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Protecting Children and Youth from Sudden Cardiac Arrest

Hands Only CPR - "AHA 2014 Hands-Only CPR Fact Sheet"

WHY LEARN HANDS-ONLY CPR?


  • When a person has a cardiac arrest, survival depends on immediately getting CPR from someone nearby.
  • According to the American Heart Association, 90 percent of people who suffer out-of-hospital cardiac arrests die. CPR, especially if performed immediately, can double or triple a cardiac arrest victim’s chance of survival.
  • Most Americans (70 percent) feel helpless to act during a cardiac emergency because they don’t know how to administer CPR or they’re afraid of hurting the victim.

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TAKE 60 SECONDS TO LEARN HOW TO SAVE A LIFE


  • Watch the 60-second demo video. Visit heart.org/handsonlycpr to watch the Hands-Only CPR instructional video and share it with the important people in your life. You can also find a CPR class near you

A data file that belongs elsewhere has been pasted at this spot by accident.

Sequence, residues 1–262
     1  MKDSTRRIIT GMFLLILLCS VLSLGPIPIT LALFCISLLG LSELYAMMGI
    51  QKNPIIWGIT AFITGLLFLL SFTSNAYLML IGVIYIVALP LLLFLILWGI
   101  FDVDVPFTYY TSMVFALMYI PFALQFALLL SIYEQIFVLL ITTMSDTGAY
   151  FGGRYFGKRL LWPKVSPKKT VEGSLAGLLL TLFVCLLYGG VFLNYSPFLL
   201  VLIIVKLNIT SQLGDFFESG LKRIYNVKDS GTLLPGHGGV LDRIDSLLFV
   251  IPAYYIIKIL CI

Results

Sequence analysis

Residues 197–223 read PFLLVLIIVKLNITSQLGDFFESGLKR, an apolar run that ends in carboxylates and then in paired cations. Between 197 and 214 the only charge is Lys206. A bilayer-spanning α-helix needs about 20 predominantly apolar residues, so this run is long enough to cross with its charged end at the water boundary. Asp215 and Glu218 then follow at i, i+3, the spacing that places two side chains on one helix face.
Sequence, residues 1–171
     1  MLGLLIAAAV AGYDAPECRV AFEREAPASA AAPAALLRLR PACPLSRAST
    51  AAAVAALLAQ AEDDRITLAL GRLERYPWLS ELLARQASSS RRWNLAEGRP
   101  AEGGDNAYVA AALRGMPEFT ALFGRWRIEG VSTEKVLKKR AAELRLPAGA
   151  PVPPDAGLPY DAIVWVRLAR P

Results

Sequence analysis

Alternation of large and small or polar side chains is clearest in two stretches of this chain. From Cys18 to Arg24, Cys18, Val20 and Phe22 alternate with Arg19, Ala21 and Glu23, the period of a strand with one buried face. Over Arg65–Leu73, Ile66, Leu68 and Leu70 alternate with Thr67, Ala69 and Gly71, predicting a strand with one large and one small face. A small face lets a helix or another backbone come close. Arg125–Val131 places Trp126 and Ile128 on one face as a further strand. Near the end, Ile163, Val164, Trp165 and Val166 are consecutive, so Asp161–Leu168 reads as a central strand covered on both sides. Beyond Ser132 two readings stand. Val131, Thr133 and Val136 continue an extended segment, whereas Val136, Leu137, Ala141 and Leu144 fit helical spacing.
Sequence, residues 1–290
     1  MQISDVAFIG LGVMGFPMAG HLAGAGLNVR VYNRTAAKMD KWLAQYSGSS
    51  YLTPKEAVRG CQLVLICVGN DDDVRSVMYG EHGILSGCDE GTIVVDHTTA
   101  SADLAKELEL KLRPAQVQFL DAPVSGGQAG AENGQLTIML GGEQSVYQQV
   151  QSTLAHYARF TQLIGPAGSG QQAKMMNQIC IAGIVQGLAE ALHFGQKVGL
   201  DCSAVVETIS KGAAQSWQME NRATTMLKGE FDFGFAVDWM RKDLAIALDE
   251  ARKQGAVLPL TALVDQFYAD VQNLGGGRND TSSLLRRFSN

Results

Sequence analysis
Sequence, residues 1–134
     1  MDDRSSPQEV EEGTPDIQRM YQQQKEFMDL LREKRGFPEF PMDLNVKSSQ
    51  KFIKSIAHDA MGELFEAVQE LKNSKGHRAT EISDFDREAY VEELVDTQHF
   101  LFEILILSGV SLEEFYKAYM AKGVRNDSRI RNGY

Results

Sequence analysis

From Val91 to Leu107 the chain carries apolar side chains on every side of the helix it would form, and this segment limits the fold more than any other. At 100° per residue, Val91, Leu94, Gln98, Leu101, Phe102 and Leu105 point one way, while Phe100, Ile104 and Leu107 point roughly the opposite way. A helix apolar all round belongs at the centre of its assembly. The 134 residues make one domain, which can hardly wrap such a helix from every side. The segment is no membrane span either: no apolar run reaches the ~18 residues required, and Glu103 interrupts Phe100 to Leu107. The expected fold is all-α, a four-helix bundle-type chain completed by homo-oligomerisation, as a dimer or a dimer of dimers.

Compressions, Airway, Breathing, The New CPR Guidelines

Guidelines issued in mid-October 2010 switched up the steps for CPR, telling rescuers to start with hard, fast chest presses before giving mouth-to-mouth.  Guidelines issued in 2015 re-emphasize the compression rate and compression depth.

 
The change puts "the simplest step first" for traditional CPR, said Dr. Michael Sayre, co-author of the guidelines issued by the American Heart Association.

A training aide used under previous guidelines was "ABC," or "airway, breathing, chest compression": check the airway for lodged objects, perform mouth-to-mouth, then start on chest compressions. The new 2010 guidelines are "CAB," or "chest compressions, airway, breathing." The AHA notes that the mouth-to-mouth can be skipped by those leery of "breathing for a stranger" or without formal training.
To view a video of the new CPR, click on the title above.